160308 Marmot Curve
  • The Marmot Review… We normally produce our own graphs here on To The Point. But the one above is too complicated for our spreadsheets and our patience, so we’ve simply copied and pasted it from the Internet. It is the Marmot Curve that I mentioned in my post on life expectancy last week. It’s called that because it arose from a review, Fair Society, Healthy Lives, that was conducted by Michael Marmot between 2008 and 2010. Forget the knighthood he received a few years earlier, Marmot has joined Art Laffer and Ernst Engel and a select few others in having a line named after him.
  • …and its findings. But what does the Marmot Curve actually show? Much of it should be clear from the image itself: the review team charted the deprivation of various English neighbourhoods against both their average life expectancies and – an often overlooked detail – their expectancies of a life lived free from disability (aka disability-free life expectancy, aka DFLE). They found that those living in the poorest neighbourhoods will, on average, die 6.9 years earlier than those living in the richest. More shocking, the DFLE gap between these two groups is a full 17 years.
  • 160308 Marmot Curve 2Updating the figures. The Marmot Review’s data was for the years 1999 to 2003, which is obviously rather a long time ago now. The King’s Fund used more recent life expectancy figures, for the years 2006 to 2010, in last year’s Inequalities in Life Expectancy report. I’ve pasted their curve to the right; you can click it for a larger version. It suggests that things have, or at least had, improved since 2003. The life expectancy gap between the poorest and the richest neighbourhoods was reduced to 4.4 years.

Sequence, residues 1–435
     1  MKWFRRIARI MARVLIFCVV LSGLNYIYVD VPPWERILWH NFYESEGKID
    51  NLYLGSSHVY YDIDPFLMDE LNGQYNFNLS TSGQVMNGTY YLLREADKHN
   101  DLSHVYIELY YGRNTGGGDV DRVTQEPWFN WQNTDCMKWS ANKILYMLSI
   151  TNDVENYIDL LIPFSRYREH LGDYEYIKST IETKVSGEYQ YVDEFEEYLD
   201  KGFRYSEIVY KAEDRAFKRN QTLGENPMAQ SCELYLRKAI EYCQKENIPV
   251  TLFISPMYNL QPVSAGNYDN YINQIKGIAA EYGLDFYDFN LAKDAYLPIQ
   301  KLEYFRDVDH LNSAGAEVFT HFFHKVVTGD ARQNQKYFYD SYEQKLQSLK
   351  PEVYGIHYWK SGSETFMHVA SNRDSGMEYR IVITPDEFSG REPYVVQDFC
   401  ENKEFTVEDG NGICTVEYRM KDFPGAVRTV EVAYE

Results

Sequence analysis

• The implications. These curves obviously have implications for health policy – many of which were considered by the Coalition in its Healthy Lives, Healthy People document – but they have other implications too. The original Marmot Curve made a point by marking out what would happen if the pension age were increased to 68, all other things remaining equal. As they put it, “With the levels of disability shown, more than three-quarters of the population do not have disability-free life expectancy as long as 68. If society wishes to have a healthy population, working until 68 years, it is essential to take action to both raise the general level of health and flatten the social gradient.”
  • Flattening the curve. This is a good example of why legislators need to look beyond the median. Raising the state pension age might – and does – make sense when the average life expectancy is rising. But for those at the poorer end of society, who can expect to fall ill sooner and to die sooner, it’s also form of discrimination. For their sake, politicians should be striving towards a Marmot Plateau.